The Theory Trap
How many people do you know who are professional learners?
They spend all their time researching, reading and learning but spend very little time actually putting into action the things they have learned. We call this The Theory Trap. When leaders are so focused and immersed in the theoretical aspects of a topic or project, they spend all their time there rather than executing. For example, we may want to learn a new language, go on a diet, become better at parenting, save or invest our money, and so on. So, we read books, blogs and tweets. We watch videos, listen to podcasts and other things. We overdo the learning side and fall into the theory trap.
There is no denying that if we do not have adequate knowledge that our project or initiative will perish. Our assumption lies somewhere within the notion that if we have better information, our results will be better. We think a new result requires new information. What we eventually (hopefully) realize is that new knowledge does not necessarily drive new results. Sometimes, learning something new can be a waste of time if the goal is to make progress. When we engage in practicing something, we are taking the action of deliberate repetition of the process with the intention of reaching a specific goal, such as improvement of the process or the result.
Deliberate and intention are our keywords because they indicate the difference between being active about practice instead of being passive in learning. Learning something new and practicing something new are very different activities and can yield very different results.
Learning something new can feel good. It can be exciting to our brains, specifically the Broca which has not taken in this information in the past, so it’s stimulated. This activity can be addictive like a drug which also can stimulate parts of our brains with chemicals. Learning something new can have an effect like this as well, and if we have particular driving motivational forces hard-wired into us, this feeling can be something we end up chasing because we enjoy it.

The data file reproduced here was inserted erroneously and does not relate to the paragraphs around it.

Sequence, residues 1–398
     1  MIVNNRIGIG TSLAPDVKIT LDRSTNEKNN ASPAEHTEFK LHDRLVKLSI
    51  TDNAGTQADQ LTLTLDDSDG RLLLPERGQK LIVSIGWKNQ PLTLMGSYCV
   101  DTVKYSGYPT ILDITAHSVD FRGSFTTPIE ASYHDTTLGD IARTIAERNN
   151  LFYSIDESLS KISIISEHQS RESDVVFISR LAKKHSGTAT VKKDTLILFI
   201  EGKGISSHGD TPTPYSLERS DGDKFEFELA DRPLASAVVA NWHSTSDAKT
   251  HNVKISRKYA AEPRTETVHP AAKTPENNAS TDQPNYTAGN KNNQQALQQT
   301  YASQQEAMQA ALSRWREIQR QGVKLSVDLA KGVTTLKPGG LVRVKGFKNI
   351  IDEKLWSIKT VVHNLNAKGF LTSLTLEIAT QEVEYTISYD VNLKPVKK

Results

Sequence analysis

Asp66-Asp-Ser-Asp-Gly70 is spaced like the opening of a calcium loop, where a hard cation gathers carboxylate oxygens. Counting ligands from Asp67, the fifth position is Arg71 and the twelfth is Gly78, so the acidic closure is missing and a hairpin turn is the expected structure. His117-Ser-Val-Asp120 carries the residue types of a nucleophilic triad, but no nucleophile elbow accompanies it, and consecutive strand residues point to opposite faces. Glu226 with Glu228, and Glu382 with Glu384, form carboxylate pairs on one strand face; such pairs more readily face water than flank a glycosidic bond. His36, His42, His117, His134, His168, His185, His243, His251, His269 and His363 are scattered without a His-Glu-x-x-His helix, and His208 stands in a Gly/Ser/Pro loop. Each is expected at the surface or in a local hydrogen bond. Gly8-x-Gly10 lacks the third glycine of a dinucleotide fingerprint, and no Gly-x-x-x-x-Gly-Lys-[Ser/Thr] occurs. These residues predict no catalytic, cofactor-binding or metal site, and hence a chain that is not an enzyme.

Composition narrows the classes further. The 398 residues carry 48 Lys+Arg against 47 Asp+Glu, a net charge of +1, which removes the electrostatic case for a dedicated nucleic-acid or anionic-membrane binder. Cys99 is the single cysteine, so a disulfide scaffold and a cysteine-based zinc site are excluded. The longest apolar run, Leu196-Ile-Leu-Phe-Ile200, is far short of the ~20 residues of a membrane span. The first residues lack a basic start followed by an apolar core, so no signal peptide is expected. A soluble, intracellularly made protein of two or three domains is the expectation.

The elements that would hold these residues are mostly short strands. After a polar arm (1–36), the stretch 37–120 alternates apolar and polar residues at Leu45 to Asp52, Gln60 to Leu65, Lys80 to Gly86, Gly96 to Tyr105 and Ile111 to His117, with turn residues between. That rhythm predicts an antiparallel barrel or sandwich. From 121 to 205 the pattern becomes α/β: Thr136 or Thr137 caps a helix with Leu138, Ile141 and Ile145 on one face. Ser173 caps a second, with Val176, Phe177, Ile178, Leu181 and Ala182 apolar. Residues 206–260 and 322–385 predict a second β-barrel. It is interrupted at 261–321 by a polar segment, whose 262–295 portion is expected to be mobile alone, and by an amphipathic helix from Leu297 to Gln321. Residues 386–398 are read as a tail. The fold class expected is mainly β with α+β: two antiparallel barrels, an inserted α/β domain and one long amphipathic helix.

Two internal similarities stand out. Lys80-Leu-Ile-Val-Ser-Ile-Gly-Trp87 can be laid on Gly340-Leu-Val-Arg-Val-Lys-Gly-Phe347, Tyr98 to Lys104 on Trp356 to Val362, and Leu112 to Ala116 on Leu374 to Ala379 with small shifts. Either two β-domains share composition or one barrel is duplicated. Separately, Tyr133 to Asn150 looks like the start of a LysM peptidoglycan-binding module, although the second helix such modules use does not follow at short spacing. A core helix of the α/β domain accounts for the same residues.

Practicing something new can also feel good. This excites people in the same way the learning would, but it is exciting particularly to goal-driven and results-driven individuals. These types of people can also get caught in a trap of sorts, always doing and never stopping to learn better methods and ways of doing things.
Getting caught up in the theory trap can actually be a way to avoid taking action on the goals and plans we make, and we say are important. Sometimes, reading a book or watching a video can make you feel like you are making progress on the goal without actually practicing the action that would advance you toward the outcome.
Learning to a point you get caught in the theory trap is not practice because you are not discovering how to apply your knowledge. Knowledge is not power but potential power. Applied knowledge is true power because that power is being expended toward movement in the direction of a tangible outcome.
Knowledge is not power but potential power. Applied knowledge is true power because that power is being expended toward movement in the direction of a tangible outcome.
Practicing your knowledge actively allows you to gain even more knowledge outside of theory because the mistakes you make while practicing reveal valuable insights. These insights help you improve your performance the next time you practice. Learning by itself can be valuable for you, but if you want to be valuable to others (which is the source of how we all get paid) you have to express your knowledge in some tangible and helpful way.
Getting yourself caught in a theory trap does not lead to progress. Don’t hide behind information or use learning as an excuse to delay the more difficult and more important choice of actually taking an action toward your vision, your dreams, your plans and your goals. Reasons and excuses are not going to get you where you want to go, true powerful results come from an obsession with getting yourself to take action.
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